*Fibrepads are often mistakenly called structure pads. The structure is already in the base. The pads are just finer polishing pads and are cheaper than brushes. A brass brush is the only brush you need unless you're racing etc, which is way it's the brush that I supply in our Basic & Advanced Kits. Unfortunately brass brushes are expensive but (unlike many other retailers) I think it's important to supply the correct tools for the job rather than selling a cheaper kit containing inferior/incorrect items or missing important items completely.


Last edited by Anyway, snowHeads is much more fun if you do. on Sun 3-12-17 23:30; edited 1 time in total
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fredbob wrote:
I started off with my brass brush and several dry scrapes, I think I went tip to tail with both but may have just swirled the brush round not too sure now, and loads of dirt came out.
I then used my extra fine structure pad and then the ultra fine pad, again I can’t remember exactly if I did them all tip to tail or in a round motion. I think with the brush and the pads I always finished with tip to tail but may have done some circular movements in the middle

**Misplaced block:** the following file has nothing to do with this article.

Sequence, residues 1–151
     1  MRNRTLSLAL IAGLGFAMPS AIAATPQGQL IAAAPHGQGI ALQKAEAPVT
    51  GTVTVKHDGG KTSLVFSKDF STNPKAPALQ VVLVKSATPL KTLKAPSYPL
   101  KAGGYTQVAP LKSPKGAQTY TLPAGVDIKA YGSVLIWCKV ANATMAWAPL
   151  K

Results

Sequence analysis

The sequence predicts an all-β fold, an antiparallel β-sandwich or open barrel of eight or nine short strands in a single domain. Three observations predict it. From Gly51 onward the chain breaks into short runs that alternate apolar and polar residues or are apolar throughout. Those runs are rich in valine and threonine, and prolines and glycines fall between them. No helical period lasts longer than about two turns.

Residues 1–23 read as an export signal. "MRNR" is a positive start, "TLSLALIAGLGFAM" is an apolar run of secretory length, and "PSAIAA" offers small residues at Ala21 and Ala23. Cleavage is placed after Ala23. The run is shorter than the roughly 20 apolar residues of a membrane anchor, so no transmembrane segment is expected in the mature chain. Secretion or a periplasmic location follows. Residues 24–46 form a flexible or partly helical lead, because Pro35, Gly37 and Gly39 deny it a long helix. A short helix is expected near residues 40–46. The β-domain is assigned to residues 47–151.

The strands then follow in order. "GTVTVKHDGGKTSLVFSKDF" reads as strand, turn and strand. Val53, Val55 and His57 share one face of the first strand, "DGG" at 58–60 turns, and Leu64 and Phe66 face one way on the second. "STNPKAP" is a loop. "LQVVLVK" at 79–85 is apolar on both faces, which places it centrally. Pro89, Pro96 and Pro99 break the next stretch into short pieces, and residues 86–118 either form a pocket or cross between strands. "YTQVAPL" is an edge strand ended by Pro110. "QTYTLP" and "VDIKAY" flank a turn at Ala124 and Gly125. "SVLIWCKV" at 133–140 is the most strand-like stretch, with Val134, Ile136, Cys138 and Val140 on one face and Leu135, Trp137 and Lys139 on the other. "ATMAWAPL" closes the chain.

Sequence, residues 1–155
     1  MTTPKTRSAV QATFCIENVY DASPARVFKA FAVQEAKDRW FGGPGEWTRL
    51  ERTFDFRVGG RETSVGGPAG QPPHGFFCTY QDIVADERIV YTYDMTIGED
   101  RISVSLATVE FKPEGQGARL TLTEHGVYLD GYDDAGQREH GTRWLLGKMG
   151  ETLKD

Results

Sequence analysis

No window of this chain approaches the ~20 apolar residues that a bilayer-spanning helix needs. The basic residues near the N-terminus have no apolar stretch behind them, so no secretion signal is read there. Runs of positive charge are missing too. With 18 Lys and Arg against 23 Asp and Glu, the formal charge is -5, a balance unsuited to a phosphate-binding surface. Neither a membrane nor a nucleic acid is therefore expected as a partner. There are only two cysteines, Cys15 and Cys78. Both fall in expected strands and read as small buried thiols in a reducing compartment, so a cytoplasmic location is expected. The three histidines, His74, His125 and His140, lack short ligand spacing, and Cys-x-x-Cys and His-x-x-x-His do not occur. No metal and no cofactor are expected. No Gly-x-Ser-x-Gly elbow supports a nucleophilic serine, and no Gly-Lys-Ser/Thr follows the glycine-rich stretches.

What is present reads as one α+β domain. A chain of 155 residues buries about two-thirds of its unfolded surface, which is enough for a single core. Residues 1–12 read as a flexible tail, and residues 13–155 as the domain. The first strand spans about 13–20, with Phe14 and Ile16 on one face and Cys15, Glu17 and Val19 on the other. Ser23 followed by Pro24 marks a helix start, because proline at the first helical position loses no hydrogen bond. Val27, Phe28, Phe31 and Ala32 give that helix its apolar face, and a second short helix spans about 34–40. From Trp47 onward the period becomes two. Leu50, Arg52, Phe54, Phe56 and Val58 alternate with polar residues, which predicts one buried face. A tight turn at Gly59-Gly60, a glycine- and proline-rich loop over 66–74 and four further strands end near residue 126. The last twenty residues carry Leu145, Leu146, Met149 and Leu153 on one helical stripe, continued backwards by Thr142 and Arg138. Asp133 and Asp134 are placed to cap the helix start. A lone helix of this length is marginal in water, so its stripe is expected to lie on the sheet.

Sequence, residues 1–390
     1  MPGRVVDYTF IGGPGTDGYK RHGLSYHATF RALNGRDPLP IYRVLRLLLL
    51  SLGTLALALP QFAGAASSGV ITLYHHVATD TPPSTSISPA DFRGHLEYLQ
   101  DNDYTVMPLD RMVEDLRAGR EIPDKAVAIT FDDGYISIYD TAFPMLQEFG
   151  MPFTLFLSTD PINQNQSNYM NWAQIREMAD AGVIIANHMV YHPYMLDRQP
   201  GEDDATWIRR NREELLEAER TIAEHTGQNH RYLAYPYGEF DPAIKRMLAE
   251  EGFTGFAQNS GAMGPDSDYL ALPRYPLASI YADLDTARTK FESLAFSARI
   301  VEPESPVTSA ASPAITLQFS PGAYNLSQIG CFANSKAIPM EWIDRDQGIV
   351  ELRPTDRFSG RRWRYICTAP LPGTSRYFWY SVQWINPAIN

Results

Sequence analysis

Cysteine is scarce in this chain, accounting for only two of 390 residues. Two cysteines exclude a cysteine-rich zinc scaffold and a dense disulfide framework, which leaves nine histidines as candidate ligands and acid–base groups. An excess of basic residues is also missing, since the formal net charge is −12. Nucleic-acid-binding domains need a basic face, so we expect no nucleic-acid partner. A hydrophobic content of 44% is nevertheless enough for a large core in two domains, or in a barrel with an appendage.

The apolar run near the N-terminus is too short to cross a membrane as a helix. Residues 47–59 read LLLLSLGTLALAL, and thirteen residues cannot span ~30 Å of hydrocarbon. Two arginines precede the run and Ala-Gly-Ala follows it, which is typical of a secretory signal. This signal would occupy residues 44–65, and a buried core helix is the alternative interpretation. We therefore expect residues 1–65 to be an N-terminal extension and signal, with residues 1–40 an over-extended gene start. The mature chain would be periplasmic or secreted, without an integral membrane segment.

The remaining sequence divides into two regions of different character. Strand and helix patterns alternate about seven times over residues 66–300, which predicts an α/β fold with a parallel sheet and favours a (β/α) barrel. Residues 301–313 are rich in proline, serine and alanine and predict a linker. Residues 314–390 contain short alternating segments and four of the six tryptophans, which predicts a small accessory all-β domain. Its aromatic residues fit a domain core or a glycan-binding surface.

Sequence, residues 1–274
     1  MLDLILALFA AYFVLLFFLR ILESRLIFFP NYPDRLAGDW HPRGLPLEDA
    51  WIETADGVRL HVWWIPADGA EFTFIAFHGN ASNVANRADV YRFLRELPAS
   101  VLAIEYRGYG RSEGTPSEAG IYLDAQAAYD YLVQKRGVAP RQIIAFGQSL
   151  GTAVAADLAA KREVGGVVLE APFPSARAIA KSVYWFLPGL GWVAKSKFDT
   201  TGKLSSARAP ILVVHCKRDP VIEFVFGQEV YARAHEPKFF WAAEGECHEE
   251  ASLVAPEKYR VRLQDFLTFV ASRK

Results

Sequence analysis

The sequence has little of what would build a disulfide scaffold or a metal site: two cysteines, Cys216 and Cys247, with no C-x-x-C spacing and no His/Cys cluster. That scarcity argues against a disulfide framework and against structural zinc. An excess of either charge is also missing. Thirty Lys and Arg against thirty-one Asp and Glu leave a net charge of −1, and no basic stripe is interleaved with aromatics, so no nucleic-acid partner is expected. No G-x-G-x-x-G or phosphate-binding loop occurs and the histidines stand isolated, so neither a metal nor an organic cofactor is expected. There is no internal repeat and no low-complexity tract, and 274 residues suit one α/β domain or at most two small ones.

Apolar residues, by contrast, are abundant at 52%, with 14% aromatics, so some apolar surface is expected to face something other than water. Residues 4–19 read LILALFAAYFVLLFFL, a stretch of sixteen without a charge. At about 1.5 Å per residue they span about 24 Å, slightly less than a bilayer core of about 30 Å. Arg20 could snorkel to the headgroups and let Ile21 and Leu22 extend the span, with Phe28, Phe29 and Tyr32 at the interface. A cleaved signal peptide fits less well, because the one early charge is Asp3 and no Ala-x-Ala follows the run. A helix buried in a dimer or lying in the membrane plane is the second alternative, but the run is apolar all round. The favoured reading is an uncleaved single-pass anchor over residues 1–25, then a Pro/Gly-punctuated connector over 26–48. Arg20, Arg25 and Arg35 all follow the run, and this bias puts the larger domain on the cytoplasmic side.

I then did 2 hot scrapes until the wax was clean

I did a normal wax, and I read about a “deep soak”, where you wax it then let it cool then heat it up again and add extra wax if needed, it said you can do it 1-3 times more I just did it once more, this deep soak was only mentioned on one website I could find so I was a bit sceptical, but as my board had clearly been neglected for a while I didn’t think it would do any harm. I then left it overnight

All overkill for me. There is a lot of debate over whether cleaners are a good idea or not. My reading was more likely not. Hot waxing will do no harm if you can be @rsed. I never have.

fredbob wrote:
Then today I scraped and scraped and scraped for what seemed like days but eventually very little wax was coming off so I got my structure pad out and this time I definitely only went tip to tail. There is a bit of wax showing on the pad, is this normal?

I have no idea what a "structure pad" and it seems like BS to me. I used to scrape and scrape but don't do it as much as I used. I have one brush, which I work with a fair bit. I get the pellets but don't sweat getting them all off. I generally work tip to tail but don't sweat it.